New vaccine for the treatment of fibromyalgia that actually works

If someone could give you a vaccine that could cure your fibromyalgia, would you do it? It may sound like a dream, but it’s closer to reality than you think. Los Angeles-based biomedical firm,   EpicGenetics   and Massachusetts General Hospital researchers seek FDA clearance to test Bacillus Calmette-Guerin (BCG) vaccine next year   as a potential treatment for fibromyalgia .

BCG is a generic TB vaccine that is almost 100 years old and has been safely administered millions of times, “says Dr. Denise Faustman, director of the Faustman Lab at Massachusetts General Hospital. “For more than 10 years, our research group at Massachusetts General Hospital has been actively studying the role BCG vaccine could play in treating various forms of autoimmunity. Our current goal is type 1 diabetes, but overall, BCG is tested in a number of autoimmune diseases. Over the next two years, we will begin clinical trials of BCG in fibromyalgia. ”

According to the World Health Organization, more than 100 million children receive the BCG vaccine each year. It is mainly used in developing countries where TB is still active. BCG vaccine is not available in the United States because of the low risk of infection. In the United States, BCG is used in a small number of patients to treat bladder cancer.

So, the obvious question is: why would a vaccine against an infectious lung disease be used for fibromyalgia? The answer lies in the immune system.

Vaccines are usually given to healthy people to prevent infection. In this case, however, the BCG vaccine would be given to patients with fibromyalgia for the purpose of soothing their symptoms.

When EpicGenetics was commissioned to create a diagnostic test for fibromyalgia several years ago, researchers performed all kinds of laboratory tests on fibromyalgia patients to determine their difference from healthy controls and their symptoms. Researchers have discovered several abnormalities of white blood cells in patients with fibromyalgia, leading them to conclude that the symptoms are associated with a weakened immune system.

“We believe that [the term] fibromyalgia is an improper term,” said Dr. Bruce Gillis, CEO of EpicGenetics. “These people do not suffer from anything that affects the muscles, for example. What they suffer from is that their immune system can not produce normal amounts of protective proteins. … There are cells in the immune system called mononuclear peripheral blood cells. They do not produce normal amounts of protective proteins called chemokines and cytokines. ”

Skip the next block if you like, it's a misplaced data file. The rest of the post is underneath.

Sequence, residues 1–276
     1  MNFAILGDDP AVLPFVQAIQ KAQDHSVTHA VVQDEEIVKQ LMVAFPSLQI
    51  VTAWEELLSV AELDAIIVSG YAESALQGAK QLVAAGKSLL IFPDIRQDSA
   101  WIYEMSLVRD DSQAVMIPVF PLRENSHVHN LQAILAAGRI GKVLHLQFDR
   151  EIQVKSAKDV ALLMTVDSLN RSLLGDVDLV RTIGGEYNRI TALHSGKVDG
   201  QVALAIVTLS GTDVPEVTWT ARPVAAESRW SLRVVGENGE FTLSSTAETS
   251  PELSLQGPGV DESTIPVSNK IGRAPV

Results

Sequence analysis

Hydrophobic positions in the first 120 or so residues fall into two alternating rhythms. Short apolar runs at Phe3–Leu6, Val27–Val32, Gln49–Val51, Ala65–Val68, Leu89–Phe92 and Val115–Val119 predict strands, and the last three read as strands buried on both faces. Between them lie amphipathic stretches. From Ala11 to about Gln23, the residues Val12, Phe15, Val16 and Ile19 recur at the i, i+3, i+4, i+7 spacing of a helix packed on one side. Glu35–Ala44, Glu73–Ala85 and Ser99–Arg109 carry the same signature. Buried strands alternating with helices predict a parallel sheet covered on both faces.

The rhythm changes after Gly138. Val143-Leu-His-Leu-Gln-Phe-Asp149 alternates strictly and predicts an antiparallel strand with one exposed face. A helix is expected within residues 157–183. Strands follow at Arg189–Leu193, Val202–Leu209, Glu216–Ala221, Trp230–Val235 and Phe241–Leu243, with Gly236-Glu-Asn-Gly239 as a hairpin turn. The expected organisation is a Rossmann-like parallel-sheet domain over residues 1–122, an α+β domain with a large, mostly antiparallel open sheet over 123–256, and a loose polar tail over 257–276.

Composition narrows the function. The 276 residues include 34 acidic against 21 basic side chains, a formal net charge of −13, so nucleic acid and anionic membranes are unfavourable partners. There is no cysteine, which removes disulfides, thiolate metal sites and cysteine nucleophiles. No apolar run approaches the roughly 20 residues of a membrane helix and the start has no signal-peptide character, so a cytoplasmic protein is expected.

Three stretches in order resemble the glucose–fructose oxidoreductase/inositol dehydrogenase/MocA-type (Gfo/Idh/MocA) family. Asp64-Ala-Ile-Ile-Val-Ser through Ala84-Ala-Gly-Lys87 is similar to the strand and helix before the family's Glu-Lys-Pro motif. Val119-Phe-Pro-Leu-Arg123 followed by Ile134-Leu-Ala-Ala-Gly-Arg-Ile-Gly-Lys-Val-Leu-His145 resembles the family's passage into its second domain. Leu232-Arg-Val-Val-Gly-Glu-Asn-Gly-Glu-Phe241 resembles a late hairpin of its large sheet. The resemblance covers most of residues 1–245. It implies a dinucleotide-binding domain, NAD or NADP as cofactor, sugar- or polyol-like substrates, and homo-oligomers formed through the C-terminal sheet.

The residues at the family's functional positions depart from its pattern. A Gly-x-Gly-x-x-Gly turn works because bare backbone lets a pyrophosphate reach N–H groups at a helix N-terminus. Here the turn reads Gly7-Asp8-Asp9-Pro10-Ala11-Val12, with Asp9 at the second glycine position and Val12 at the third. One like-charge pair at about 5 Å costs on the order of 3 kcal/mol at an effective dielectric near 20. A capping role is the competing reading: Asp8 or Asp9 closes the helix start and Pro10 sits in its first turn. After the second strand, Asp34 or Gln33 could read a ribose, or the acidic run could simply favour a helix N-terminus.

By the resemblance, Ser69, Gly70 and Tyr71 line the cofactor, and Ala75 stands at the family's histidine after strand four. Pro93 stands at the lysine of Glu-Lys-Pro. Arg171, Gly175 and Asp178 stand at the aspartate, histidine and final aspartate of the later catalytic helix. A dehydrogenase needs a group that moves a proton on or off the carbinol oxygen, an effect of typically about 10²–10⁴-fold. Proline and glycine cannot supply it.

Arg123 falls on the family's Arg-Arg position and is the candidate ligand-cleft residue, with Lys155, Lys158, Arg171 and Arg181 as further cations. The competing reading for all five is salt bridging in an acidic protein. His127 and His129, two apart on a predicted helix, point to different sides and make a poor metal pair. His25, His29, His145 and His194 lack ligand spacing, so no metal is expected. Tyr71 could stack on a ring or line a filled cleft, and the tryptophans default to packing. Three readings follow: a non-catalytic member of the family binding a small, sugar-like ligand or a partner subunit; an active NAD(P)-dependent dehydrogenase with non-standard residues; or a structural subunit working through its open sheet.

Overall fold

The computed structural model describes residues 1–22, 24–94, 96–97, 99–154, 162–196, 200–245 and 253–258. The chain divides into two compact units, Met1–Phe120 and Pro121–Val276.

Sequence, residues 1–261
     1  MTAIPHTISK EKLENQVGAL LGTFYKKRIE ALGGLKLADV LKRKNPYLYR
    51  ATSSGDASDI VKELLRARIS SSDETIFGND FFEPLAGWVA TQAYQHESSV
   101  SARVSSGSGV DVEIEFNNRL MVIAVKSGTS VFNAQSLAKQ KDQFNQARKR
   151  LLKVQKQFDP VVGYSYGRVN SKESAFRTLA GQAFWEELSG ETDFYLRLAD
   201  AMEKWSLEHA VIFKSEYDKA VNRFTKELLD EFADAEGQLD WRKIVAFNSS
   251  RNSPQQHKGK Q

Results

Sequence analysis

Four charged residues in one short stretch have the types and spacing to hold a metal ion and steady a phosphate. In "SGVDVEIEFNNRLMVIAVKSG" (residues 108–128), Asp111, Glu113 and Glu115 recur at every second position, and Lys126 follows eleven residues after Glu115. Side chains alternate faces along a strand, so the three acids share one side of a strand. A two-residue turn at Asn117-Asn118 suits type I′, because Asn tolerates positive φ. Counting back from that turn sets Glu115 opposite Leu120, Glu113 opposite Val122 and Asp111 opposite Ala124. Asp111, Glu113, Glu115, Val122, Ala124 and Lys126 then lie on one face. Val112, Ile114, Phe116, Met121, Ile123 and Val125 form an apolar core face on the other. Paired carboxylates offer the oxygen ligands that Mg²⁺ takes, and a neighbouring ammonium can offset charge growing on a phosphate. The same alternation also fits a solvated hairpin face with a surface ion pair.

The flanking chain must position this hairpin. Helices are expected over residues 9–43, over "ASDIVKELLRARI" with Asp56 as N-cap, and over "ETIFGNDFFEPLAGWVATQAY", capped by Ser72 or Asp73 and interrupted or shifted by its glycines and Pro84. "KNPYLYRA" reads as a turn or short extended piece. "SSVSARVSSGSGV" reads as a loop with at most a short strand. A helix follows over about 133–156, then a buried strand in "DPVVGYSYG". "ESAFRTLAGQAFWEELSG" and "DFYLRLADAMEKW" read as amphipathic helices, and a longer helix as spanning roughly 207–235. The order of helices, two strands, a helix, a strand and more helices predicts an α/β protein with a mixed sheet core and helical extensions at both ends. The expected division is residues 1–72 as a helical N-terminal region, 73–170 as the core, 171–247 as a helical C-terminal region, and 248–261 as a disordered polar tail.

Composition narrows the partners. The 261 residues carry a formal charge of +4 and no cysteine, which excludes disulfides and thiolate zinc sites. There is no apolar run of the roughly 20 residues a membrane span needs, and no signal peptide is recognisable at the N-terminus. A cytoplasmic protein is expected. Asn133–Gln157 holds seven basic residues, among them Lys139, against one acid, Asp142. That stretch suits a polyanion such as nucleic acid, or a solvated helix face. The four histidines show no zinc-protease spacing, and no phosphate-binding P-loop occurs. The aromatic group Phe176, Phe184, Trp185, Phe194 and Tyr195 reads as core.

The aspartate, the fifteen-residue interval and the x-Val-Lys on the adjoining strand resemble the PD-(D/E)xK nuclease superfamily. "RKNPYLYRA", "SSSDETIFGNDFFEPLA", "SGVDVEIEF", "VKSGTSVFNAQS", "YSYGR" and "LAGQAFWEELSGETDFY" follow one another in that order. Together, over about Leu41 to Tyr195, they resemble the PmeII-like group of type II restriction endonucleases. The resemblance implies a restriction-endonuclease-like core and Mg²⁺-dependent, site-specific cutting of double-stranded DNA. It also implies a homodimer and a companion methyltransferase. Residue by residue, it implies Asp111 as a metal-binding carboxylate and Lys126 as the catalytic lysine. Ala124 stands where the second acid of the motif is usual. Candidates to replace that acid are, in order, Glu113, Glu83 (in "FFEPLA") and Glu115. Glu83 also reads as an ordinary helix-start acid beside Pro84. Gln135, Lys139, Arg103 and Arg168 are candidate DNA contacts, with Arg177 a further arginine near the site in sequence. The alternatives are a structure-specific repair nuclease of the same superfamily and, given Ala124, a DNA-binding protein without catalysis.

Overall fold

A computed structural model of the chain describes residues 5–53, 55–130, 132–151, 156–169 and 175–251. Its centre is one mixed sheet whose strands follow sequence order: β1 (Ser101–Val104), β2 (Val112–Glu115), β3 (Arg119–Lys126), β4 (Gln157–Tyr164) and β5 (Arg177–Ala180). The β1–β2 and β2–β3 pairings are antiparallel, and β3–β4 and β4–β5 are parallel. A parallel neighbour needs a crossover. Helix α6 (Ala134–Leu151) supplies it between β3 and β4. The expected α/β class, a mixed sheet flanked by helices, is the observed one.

The discovery led to the development of FM / a blood test for fibromyalgia. (Yes, despite what your doctors have told you, there is a blood test for fibromyalgia, but it is not accepted in the medical community.) The test analyzes the levels of four chemokines and cytokines found at reduced levels in fibromyalgia patients. These four chemokines and cytokines are the same as those stimulated by the BCG vaccine.

“Given what has been published in the medical literature, we believe this vaccine will reverse immune system abnormalities [fibromyalgia],” said Gillis.

Gillis and Faustman seek FDA approval to administer the first BCG vaccines to fibromyalgia patients early next year.

“This is the first time that a direct treatment for fibromyalgia will be done,” Gillis said. “As you know, the drugs [currently on the market] for fibromyalgia only treat the symptoms. They have no advantage over the immune system. [The drug companies] admit that they only treat the symptoms, but that you have to treat the disease, and that’s why we’re moving forward with the application of the vaccine [to the FDA]. ”

If Gillis’ theory is true, then “chemokines and cytokines that are deficient in fibromyalgia patients will no longer be deficient [once the BCG vaccine is administered],” said Gillis. “Production levels will normalize, and you will have to assume that their symptoms will disappear. We think we are on the verge of something major. ”

Because the vaccine has a long history, it should not cause any major side effects in patients.

The BCG vaccine should cost $ 20 to $ 25 per dose – a nominal amount compared to the ongoing costs of taking medications daily.

“We think a fibromyalgia patient would need one or two doses maximum so you can understand why I do not get a lot of support from pharmaceutical companies,” Gillis said.

In addition to the vaccine trial, EpicGenetics is partnering with the University of California at Los Angeles (UCLA) and the Chicago College of Medicine at the University of Illinois to sequence the genomes of 250,000 fibromyalgia patients.

“We are looking for any kind of genetic patterns or abnormalities or mutations,” said Gillis.

Patients with positive fibromyalgia using the FM / a test may participate in the genomic study.

The FM / a test currently costs $ 936 but is covered by some insurance companies and Medicare. The EpicGenetics Support Team helps patients determine if their insurance company will cover the test. An interest-free payment plan is available for those who are uninsured or whose insurance does not cover the test.

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